0257 GMT June 18, 2019
In his painterly practice, the wall was the starting point — both as an object to be depicted and as an inspiration for the textural quality of his works. Miró distanced himself from the simple reproduction of reality and equated the picture plane with the wall. He explored the structure of its surface and aimed to dissolve the boundaries of the image space.
His particular approach with the wall explains the care with which he selected and prepared the materials and the grounds of his pictures at every stage of his career. Miró's paintings hereby gained the haptic qualities and textures of wall surfaces. The artist used whitewashed canvas, coarse burlap, Masonite (hardboard), sandpaper and tarpaper in order to create unique visual worlds of outstanding materiality. The exhibition at the Schirn covers over half a century of Miró's oeuvre, beginning with his emblematic painting 'The Farm'/'La Ferme' (1921/22), continuing with his iconic dream paintings of the 1920s, his key work 'Painting' ('The Magic of Color')/'Peinture' ('La Magie de la couleur') from 1930, his works and frieze formats painted on unconventional grounds in the 1940s and 1950s and ending with the artist's late works, such as the monumental triptych 'Blue I– III'/'Bleu I–III' (1961) and the extraordinary 'Painting I–III'/'Peinture I–III' (July 27, 1973).
The Schirn exhibition brings together around 50 works from important museums and public collections across the world, including the Solomon R. Guggenheim Museum, New York, the National Gallery of Art, Washington DC, the Museo Reina Sofía, Madrid, and the Centre Pompidou, Paris, as well as important private collections, and aims to present a new approach to Miró's art.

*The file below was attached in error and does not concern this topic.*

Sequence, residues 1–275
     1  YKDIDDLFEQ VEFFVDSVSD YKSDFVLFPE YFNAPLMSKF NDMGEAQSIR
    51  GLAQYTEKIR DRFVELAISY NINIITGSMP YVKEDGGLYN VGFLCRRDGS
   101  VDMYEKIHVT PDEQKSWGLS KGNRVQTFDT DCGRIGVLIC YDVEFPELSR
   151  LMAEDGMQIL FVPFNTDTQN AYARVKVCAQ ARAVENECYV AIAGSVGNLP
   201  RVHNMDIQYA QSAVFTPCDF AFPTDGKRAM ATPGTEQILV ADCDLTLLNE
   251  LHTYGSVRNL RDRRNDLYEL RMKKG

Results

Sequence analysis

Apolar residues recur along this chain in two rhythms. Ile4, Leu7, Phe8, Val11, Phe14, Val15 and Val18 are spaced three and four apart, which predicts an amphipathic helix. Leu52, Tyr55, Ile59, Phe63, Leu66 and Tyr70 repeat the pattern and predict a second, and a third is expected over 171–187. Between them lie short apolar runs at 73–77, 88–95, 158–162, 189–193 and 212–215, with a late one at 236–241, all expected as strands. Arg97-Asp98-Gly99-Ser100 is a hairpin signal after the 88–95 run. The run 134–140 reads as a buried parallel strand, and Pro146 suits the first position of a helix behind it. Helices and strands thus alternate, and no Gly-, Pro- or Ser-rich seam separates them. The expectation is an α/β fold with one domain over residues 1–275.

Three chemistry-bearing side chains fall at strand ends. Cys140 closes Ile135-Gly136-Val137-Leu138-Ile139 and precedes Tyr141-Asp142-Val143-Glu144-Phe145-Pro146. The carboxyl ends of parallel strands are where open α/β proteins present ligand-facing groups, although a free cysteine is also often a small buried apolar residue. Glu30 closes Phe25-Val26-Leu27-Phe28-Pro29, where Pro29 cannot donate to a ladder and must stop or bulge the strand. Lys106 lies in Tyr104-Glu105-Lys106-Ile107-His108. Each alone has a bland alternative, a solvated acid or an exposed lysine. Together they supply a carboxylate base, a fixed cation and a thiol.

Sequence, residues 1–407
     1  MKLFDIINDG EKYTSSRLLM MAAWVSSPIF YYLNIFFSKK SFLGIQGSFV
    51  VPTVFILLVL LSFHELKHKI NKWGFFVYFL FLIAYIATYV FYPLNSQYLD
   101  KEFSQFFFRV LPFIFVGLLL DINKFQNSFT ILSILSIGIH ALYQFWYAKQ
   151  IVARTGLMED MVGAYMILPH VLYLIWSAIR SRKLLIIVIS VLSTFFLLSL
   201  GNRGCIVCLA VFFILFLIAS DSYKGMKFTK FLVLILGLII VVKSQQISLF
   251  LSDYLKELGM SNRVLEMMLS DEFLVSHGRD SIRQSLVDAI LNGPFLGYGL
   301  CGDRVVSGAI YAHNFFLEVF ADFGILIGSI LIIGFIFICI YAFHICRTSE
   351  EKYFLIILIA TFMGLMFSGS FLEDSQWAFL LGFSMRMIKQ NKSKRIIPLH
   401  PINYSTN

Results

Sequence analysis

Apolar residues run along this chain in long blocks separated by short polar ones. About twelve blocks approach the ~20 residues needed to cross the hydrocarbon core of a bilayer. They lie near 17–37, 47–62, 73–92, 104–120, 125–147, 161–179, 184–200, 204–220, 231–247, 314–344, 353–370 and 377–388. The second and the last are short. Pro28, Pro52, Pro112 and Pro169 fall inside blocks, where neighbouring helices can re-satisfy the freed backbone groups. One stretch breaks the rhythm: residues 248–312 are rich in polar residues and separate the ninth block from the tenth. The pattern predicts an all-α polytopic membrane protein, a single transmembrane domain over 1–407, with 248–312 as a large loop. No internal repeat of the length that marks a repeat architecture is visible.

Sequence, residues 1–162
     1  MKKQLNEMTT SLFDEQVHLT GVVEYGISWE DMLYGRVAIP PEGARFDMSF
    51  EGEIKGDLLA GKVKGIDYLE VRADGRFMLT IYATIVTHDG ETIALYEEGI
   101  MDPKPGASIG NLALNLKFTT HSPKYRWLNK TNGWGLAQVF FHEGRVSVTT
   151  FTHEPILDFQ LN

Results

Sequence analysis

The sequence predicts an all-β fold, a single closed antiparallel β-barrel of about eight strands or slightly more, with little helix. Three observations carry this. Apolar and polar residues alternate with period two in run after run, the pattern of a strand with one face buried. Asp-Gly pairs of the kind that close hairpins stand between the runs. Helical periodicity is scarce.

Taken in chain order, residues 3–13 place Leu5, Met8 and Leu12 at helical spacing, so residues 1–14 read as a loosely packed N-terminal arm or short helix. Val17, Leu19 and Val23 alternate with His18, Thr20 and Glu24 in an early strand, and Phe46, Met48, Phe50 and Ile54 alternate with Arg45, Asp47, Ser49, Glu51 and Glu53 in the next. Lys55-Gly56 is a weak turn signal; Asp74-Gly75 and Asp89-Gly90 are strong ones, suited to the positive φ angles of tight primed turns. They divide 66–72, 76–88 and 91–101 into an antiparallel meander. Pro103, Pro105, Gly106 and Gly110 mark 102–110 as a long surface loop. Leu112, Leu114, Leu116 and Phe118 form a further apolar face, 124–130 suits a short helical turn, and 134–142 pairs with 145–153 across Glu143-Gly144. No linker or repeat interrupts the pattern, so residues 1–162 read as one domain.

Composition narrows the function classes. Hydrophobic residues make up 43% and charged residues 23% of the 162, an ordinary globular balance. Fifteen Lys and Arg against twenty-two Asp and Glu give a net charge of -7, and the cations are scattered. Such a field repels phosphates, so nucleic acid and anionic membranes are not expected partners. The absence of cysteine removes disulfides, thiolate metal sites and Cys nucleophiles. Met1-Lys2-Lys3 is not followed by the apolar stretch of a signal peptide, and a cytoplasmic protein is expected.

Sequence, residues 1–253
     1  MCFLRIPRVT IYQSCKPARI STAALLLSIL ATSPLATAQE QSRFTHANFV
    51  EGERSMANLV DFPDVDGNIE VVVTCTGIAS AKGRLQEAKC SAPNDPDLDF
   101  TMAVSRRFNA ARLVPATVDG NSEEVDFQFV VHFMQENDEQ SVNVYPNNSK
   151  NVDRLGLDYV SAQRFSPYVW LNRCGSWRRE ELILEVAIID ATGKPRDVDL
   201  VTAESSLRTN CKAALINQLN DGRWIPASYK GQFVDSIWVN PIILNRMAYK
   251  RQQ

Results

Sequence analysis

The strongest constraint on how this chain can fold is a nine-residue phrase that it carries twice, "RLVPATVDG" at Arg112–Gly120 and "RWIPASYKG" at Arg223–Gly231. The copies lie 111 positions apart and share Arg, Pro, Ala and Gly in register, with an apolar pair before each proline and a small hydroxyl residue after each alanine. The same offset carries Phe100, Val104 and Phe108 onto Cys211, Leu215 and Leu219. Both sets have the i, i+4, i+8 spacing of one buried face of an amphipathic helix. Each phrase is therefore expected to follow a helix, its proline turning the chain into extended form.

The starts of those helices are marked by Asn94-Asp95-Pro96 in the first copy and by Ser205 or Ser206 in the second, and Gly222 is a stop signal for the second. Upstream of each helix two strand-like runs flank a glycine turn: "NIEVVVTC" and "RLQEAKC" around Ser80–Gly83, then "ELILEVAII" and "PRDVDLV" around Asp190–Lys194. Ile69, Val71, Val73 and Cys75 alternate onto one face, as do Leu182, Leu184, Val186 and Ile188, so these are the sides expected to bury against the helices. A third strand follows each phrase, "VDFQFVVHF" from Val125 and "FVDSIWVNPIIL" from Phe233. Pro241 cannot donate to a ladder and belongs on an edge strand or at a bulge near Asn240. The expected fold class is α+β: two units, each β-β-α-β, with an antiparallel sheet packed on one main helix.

Max Hollein, director of Schirn Kunsthalle Frankfurt, illustrated the focus of the exhibition as follows: “The importance Miró accorded the wall in his painterly oeuvre is fascinating. His works are powerful, monumental and bear witness to an incredibly original approach – especially when viewed in the flesh. Miró fans and those less familiar with his work will be able to discover unexpected art works in the exhibition. The Schirn’s aim is to provide insights into less well-known work complexes or themes within the oeuvre of the established master artists of art history: The present exhibition highlights crucial aspects that provide new aspects to looking at Miró’s work.”
Curator Simonetta Fraquelli said of the artist: “Miró viewed both reality and its representation in art in material terms. For him, the wall was thus not merely an object to be depicted: its materiality also dictated the intensely physical, tactile quality of his images. In this way, the matter of reality corresponded to the matter of his paintings. This move away from a straightforward reproduction of reality to the equation of the picture plane with a wall informed his work from the outset.”